In Sunday’s New York Times, Maureen Dowd makes the argument that President Biden should do something that has not happened since Lyndon Johnson was in the White House: Announce that he will not seek a second term.
Swamped by opposition to the Vietnam War, Johnson opted out of running for re-election in 1968.

Why should Biden be a one-and-done president?
You can read Dowd’s reasons here.

Her point is well-argued, though Twitter slammed her pretty good for even raising the issue. As a columnist at the commentary grind much longer than Dowd, I appreciate her fine craft in making the case for Biden to finish on a high note and stop after one term. We’re at a point in national dialogue, however, where many Americans, right and left, just can’t stomach a contrary opinion, especially one well reasoned. (Do schools still have debate clubs?)
While the left doesn’t want to hear about Biden being too old for a second term, the right harshly criticizes him as senile and blames him unfairly for inflation and higher gasoline prices, and slams him repeatedly for the ongoing mess at the southern border with Mexico. As Dowd notes, we could see Republicans making an effort to impeach him — if only as payback for the Trump indictments — should the GOP gain a majority in the House next year.

But Dowd’s column and the discussion about Biden’s age and executive capacity come at a pretty strange time: Just when Congress is about to approve his Build Back Better legislative package reduced and reconstituted as the Inflation Reduction Act. It contains historic funding to address and slow global warming, bring down the costs of prescription medications and tax the huge corporations that have paid, thanks to Republicans, virtually nothing for years.
The do-little Republicans in the Senate were in unanimous opposition, of course. The same is likely to happen when the House votes.
Despite facing harsh criticism and low approval ratings for several months, Biden looks more and more like a consequential president — more than any president since perhaps LBJ. (That is, in terms of a progressive domestic agenda. Ronald Reagan was consequential in a much different way — cutting taxes on the rich; ridiculing government as a power for good; cutting domestic spending while increasing the defense budget as a strategy against the Soviet Union.)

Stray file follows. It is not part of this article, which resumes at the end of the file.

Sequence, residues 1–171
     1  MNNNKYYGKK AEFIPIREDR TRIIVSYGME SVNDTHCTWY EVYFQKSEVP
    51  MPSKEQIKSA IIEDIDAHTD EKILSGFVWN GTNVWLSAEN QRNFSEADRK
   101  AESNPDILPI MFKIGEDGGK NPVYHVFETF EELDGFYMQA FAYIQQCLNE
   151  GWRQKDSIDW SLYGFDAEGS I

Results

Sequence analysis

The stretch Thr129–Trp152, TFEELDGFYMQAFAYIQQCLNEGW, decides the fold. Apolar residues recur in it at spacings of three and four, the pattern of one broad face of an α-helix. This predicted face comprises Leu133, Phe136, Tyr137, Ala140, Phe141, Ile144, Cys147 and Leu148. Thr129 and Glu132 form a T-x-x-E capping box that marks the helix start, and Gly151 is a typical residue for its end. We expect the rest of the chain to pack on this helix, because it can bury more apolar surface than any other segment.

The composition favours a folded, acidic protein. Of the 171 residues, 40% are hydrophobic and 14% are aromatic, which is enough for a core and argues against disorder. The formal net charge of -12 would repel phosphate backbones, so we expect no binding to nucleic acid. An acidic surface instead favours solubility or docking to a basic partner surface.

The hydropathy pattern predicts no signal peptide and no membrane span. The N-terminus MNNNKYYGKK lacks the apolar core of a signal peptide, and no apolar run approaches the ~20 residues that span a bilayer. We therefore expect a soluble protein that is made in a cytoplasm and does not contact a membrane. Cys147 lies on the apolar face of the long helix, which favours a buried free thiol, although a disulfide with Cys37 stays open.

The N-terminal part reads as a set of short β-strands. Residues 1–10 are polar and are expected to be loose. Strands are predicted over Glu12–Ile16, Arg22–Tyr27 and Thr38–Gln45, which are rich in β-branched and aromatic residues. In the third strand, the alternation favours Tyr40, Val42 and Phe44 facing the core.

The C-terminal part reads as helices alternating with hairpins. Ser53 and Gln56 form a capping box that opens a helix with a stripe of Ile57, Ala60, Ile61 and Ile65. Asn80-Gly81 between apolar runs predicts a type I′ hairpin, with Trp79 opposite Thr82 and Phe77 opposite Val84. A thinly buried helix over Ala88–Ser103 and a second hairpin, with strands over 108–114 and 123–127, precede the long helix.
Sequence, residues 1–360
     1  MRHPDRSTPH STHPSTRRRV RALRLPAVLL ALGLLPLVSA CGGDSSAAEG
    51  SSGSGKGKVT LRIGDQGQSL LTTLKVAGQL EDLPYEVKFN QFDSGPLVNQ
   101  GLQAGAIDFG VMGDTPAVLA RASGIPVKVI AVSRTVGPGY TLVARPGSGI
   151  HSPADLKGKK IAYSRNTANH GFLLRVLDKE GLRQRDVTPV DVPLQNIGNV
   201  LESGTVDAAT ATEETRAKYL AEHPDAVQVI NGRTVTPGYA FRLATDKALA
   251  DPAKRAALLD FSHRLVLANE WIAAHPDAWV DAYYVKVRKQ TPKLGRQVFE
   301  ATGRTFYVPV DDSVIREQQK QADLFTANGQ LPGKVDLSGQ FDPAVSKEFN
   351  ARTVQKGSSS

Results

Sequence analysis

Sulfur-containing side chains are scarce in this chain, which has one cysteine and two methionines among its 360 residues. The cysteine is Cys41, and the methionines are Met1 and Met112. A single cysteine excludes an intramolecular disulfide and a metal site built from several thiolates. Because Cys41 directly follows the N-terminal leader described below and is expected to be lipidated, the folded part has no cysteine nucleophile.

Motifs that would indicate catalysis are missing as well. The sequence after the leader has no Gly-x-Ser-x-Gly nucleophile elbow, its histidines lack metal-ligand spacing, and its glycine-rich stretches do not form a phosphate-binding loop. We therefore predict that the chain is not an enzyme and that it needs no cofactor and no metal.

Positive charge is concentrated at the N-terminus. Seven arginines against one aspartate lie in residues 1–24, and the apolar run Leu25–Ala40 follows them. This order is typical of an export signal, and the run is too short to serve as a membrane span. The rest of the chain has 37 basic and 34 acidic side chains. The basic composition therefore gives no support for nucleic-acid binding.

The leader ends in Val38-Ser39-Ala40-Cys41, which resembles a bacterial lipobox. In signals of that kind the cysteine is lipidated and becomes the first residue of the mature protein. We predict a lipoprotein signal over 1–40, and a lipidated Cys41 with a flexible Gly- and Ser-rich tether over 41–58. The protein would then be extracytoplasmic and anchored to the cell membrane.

Biden’s handling of the withdrawal from Afghanistan was terrible — and it marked the beginning on his slide in approval ratings — but he deserves more credit than he gets:

With his push on the Covid-19 front, nearly 80% of Americans have had at least one dose of a vaccine against the virus by now, according to the CDC. Fully vaccinated is now at 67%.
Despite FOX News’ incessant talk of a recession, the nation’s economy is still strong. With the gain of more than half a million jobs in July, unemployment is now just 3.5%, matching the half-century low last seen just before the start of the pandemic in 2020.
The U.S. military killed Ayman al-Zawahiri, the mastermind of the 9/11 attacks who took over al Qaeda after Osama bin Laden.
Biden has held the alliance against Russia together throughout the Ukraine horror, and the Senate voted in a bipartisan way to ratify the membership for Finland and Sweden in NATO.
In a major advance for U.S. technology and manufacturing, Congress approved the CHIPS Act. It is expected to increase semiconductor production and make the US more competitive against China.
Under Biden and the Democrats, we’ve seen the first major gun regulation to come out of Congress since Bill Clinton was president. The Bipartisan Safer Communities Act addresses gaps that enable mass shootings, with a focus on mental health, school safety and enhanced red flag laws.
The bipartisan deal on infrastructure will put $1.2 trillion into projects across the country — even in the congressional districts of Republicans who voted against it. (See Maryland, 1st District, Andy Harris.)

There’s more to this list, but I think you get the point.
So should Joe Biden run for a second term or soon announce that he won’t?
I’m going to leave that question for you. Please feel free to leave your comments on this post.

8 thoughts on “Should Biden be a one-and-done president?

  1. He should run again as Dems don’t have a stronger candidate to face the probability of Trump or DeSatan. . And knowing Joe’s personality and good manners, I doubt if he does step down he would endorse another candidate other than Harris. But we need a better candidate than Harris. I keep looking at Newsom.

    Liked by 1 person

  2. Every President has failures. I’m so tired of hearing about Biden’s Afghanistan failure. At least he finally got us out after all those years of messing up in that poor country. I’m sick of hearing about inflation and higher gas prices, the causes not being in the realm of Biden’s control. He has done so much good for the country. I am astonished at what he HAS been able to do given the mess we were in. Yet I think he should retire not because he is incompetent or cognitively impaired, actually I think he is pretty sharp for his age. I just think it is time for a breather, a new younger person to carry us forward. I think this good man who has done an incredibly great job at restoring health services, starting environmental reforms, holding Europe together, much jobs progress, etc. Etc. He needs a rest. We need new blood for yanking our country out of the pangs of divisiveness and possible loss of our democracy. Thank you, Mr. President.

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